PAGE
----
This course is a survey of the key texts, thinkers, concepts, and theoretical approaches that influence the study of visual culture and the production of criticism. It is an opportunity for students to engage with the ideas that are deployed in these conversations, while gaining the ability to use these resources in their own work. Much of our course will be devoted to learning these languages and determining how they intersect with the visual, allowing us to facilitate the task of criticism. The course is by design interdisciplinary, drawing upon the theoretical advances made in fields as diverse as philosophy, linguistics, art history, psychoanalysis, and literary studies. We will also attend to how these discourses are creatively transformed by those working within a feminist and/or queer problematic. Given the abstract nature of our readings, one of our challenges will be to determine how, if at all, these texts actually facilitate a discussion of the visual. The guiding thesis of this course is that the visual is situated within larger fields of cultural production, which require carefully defined strategies to make explicit their ontological, epistemological, historical, and political assumptions.
Strategies will facilitate the acquisition of certain essential skills. In the first instance, it will outfit students with methods of critical analysis while enabling them to refine their written and verbal communication skills. It will help students to develop an ethical perspective on contemporary visual culture and thereby deepen visual literacy. The interdisciplinary nature of the course is designed to teach collaboration across the disciplines and to promote creativity in critique and communication.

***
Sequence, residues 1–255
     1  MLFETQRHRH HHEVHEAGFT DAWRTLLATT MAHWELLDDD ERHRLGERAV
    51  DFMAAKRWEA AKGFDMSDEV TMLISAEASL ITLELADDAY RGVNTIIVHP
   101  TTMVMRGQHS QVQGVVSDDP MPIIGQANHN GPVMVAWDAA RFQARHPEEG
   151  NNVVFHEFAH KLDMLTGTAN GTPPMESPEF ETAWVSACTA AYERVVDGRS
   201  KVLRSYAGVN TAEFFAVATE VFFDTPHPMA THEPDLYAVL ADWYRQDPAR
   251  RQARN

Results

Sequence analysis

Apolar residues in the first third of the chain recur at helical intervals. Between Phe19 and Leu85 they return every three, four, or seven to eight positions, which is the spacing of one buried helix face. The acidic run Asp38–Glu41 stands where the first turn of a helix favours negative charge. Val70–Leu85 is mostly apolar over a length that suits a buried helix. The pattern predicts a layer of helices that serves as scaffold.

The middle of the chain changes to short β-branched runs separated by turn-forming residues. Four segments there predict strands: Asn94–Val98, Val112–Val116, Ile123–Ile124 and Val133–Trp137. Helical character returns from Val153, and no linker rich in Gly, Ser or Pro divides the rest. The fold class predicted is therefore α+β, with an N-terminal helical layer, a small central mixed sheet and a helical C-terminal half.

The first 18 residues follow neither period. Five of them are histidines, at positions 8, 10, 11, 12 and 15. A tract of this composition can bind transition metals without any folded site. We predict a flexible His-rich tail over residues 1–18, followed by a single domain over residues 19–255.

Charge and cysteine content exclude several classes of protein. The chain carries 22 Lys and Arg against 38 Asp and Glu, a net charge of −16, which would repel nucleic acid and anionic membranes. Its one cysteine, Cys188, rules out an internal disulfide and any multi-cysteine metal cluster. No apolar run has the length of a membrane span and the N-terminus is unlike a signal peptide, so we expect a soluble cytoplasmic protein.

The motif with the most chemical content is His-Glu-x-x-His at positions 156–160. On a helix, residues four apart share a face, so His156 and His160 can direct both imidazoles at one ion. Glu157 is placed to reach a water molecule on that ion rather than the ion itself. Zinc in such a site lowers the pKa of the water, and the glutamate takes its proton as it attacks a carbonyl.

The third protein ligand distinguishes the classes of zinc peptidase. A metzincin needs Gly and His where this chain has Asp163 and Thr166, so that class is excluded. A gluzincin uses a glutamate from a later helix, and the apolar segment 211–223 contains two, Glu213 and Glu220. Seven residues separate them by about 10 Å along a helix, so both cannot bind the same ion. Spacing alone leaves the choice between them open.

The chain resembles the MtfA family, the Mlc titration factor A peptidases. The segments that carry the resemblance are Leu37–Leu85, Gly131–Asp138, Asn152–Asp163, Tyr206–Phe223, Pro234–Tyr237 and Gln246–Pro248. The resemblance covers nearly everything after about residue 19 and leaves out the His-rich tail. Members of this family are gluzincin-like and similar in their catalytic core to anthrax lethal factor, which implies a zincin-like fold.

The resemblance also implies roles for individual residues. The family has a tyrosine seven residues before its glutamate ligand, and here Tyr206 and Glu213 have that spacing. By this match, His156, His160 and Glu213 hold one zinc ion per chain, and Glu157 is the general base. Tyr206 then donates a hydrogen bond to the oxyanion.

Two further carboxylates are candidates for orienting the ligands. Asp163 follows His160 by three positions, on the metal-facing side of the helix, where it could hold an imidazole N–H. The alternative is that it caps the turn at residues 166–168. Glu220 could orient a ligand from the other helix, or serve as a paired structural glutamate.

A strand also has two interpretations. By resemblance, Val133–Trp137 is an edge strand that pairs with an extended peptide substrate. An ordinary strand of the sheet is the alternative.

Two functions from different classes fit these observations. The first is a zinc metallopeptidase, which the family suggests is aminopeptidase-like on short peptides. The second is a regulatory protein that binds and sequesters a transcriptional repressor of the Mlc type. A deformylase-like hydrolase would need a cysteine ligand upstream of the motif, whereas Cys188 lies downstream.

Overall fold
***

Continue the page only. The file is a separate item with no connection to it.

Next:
• Mieke Bal, “Visual Essentialism and the Object of Visual Culture,” Journal of Visual Culture (April 2003)
• Roland Barthes, “Rhetoric of the Image” from Image, Music, Text
• Walter Benjamin, “The Work of Art in the Age of Mechanical Reproduction” from Illuminations
• Michel Foucault, excerpts from The History of Sexuality, Vol. 1
• Donna Haraway, “Situated Knowledges: The Science Question in Feminism and the Privilege of Partial Perspective,” Feminist Studies (Fall 1988)
• Jacques Lacan, “The Mirror Stage” from Écrits
• Karl Marx, excerpts from The German Ideology
• Laura Mulvey, “Visual Pleasure and Narrative Cinema” from Visual and Other Pleasures
• Edward Said, excerpts from Orientalism
• Gayatri Spivak, “Can the Subaltern Speak?” from Marxism and the Interpretation of Culture